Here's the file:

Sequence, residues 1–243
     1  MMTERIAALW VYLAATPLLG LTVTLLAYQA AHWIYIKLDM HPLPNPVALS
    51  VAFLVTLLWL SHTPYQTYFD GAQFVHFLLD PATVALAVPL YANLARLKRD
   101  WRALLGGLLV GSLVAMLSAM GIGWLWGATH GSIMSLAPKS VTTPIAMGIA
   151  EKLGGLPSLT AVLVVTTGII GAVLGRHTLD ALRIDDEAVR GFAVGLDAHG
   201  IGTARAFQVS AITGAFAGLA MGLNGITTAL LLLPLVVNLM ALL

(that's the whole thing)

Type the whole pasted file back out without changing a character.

Sequence, residues 1–243
     1  MMTERIAALW VYLAATPLLG LTVTLLAYQA AHWIYIKLDM HPLPNPVALS
    51  VAFLVTLLWL SHTPYQTYFD GAQFVHFLLD PATVALAVPL YANLARLKRD
   101  WRALLGGLLV GSLVAMLSAM GIGWLWGATH GSIMSLAPKS VTTPIAMGIA
   151  EKLGGLPSLT AVLVVTTGII GAVLGRHTLD ALRIDDEAVR GFAVGLDAHG
   201  IGTARAFQVS AITGAFAGLA MGLNGITTAL LLLPLVVNLM ALL